What this means is that, when the feature goes live, Google’s browser will target and block advertisements which fail to follow the ‘Better Ads Standards’ as laid out in line with consumer research by an industry watchdog.
In other words, not all advertising will be muzzled. Normal ads will still run, which is handy, as many websites make their money from them in order to remain free to access. Only sufficiently annoying ads will get the boot.
For desktop PCs, that means pop-up adverts, sizable sticky adverts, video ads which autoplay with sound, and ‘prestitial’ ads which present themselves with a countdown, making the user wait for a period of time before they can close them and move on to view the site content.
When it comes to mobile devices, Google is being more stringent, blocking all the above – and all prestitial adverts – as well as flashing animated ads, full-screen scroll over affairs, and ‘dense’ advertisements which take up more than 30% of the vertical height of the web page.
If Chrome does block adverts, it will let the user know that ad blocking has happened, and also present an option to disable the blocking and allow adverts to come through on that particular site.
More broadly, peeking behind-the-scenes, Google says it will evaluate a sample set of pages from any given site, looking for violations of the aforementioned Better Ads Standards, and awarding the site a ‘pass’, ‘warn’ or ‘fail’ status.
Site owners will be able to review a report and if they fall foul of the regulations, they can address any issues, then request that their site be re-evaluated to attempt to achieve a pass.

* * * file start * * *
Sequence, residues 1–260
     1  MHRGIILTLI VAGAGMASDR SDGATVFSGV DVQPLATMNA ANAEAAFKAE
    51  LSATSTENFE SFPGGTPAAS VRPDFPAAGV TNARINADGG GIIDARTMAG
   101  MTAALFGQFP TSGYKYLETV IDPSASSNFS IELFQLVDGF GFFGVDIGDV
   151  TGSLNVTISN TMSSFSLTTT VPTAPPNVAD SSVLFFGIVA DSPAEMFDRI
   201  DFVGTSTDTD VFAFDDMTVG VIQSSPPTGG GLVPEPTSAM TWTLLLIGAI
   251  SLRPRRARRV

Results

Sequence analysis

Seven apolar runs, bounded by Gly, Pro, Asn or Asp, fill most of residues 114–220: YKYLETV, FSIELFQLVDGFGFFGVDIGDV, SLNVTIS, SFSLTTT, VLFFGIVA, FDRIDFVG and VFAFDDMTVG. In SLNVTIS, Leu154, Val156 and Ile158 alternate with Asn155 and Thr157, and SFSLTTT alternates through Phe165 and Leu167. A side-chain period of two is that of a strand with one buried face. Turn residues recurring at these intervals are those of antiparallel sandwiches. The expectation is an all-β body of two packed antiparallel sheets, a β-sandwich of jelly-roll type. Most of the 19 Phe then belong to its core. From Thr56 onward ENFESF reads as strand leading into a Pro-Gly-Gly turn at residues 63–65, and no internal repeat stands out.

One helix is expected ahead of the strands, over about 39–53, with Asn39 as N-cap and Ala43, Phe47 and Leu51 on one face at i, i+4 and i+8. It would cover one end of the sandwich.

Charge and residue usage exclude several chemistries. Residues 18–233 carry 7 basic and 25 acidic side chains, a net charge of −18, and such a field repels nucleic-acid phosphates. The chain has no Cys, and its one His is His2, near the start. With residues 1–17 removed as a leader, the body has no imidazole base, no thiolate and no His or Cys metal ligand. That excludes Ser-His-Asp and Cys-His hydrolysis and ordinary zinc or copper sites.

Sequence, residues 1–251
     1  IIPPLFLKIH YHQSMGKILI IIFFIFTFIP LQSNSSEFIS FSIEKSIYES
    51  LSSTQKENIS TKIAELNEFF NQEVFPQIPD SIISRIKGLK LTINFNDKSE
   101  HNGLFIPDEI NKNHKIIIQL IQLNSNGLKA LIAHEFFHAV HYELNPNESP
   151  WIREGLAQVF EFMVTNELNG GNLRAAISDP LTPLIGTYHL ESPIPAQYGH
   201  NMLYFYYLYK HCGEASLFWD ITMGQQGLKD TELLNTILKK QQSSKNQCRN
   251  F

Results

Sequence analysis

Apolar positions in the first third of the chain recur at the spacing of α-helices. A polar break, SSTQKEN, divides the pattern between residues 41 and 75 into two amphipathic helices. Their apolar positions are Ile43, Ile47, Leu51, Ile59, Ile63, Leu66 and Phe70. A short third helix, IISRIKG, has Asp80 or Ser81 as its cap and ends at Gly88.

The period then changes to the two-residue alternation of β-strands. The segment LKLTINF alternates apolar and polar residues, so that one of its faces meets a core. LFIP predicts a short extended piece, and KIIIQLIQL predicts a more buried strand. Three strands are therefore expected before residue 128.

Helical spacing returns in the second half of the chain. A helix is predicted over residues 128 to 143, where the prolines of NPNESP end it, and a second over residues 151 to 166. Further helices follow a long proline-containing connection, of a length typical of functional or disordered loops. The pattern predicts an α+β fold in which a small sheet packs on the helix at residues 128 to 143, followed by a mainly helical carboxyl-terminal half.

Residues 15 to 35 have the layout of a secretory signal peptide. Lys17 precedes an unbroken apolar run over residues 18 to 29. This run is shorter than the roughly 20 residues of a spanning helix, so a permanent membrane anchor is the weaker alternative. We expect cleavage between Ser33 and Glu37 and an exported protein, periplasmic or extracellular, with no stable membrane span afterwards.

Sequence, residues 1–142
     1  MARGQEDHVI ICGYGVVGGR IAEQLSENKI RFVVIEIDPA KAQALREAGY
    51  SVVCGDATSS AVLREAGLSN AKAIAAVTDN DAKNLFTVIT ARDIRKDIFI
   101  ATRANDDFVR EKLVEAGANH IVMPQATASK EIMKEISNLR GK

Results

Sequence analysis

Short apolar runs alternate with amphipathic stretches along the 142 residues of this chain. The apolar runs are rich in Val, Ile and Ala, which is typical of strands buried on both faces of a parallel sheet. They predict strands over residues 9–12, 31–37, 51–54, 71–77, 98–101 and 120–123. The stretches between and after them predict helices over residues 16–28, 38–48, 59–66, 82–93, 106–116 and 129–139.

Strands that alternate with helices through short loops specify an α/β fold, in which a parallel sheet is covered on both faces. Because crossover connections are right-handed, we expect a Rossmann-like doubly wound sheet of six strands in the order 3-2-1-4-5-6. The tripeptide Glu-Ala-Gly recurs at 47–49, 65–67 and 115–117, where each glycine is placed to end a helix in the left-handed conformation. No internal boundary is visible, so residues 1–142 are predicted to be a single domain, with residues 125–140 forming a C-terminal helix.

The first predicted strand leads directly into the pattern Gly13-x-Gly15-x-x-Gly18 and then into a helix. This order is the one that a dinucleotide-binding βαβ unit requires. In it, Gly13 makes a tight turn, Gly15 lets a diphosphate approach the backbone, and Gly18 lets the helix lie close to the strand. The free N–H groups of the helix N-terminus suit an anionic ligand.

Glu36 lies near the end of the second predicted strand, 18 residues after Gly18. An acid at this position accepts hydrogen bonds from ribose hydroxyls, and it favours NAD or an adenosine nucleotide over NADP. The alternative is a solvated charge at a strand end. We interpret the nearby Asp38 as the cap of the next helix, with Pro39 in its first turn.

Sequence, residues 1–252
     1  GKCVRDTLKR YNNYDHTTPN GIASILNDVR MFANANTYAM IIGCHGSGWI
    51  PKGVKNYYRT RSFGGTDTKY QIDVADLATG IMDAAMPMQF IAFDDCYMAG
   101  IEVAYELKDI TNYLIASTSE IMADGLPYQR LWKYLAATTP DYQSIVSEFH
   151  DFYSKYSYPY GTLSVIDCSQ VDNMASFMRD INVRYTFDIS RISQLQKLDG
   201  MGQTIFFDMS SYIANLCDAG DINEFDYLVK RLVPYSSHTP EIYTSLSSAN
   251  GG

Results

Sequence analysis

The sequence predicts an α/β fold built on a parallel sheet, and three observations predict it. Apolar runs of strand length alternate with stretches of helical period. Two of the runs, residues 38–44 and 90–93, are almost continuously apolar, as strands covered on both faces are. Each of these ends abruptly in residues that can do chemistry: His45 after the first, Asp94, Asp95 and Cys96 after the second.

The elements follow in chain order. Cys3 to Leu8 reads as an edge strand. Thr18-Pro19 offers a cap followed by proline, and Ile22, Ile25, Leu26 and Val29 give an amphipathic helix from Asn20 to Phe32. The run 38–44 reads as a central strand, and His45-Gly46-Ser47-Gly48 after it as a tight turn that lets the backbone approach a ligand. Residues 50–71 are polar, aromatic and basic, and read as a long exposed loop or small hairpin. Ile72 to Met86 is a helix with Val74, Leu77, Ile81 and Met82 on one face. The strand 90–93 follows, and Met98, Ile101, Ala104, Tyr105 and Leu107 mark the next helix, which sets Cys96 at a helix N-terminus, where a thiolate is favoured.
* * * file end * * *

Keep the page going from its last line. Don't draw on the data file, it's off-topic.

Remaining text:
So, this seems like a sound move overall, as not many people will argue against having those more frustrating and annoying ads blocked.
As long as the policing of websites is carried out accurately, and there’s not too much red tape when it comes to site owners organizing a re-evaluation should they be affected, this shouldn't massively detriment publishers of your favorite websites.
Hopefully the system will play nice with websites which detect and issue warnings about ad blocking, too, because Chrome can already throw up these sort of warning prompts as it is. Should everything run smoothly, all Chrome users will benefit from a more streamlined web browsing experience with less in-your-face advertisement interruptions.
We also heard recently that this summer, Chrome will move to make the internet a more secure place by labelling unencrypted websites as ‘not secure’.
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Darren is a freelancer writing news and features for TechRadar (and occasionally T3) across a broad range of computing topics including CPUs, GPUs, various other hardware, VPNs, antivirus and more. He has written about tech for the best part of three decades, and writes books in his spare time (his debut novel - 'I Know What You Did Last Supper' - was published by Hachette UK in 2013).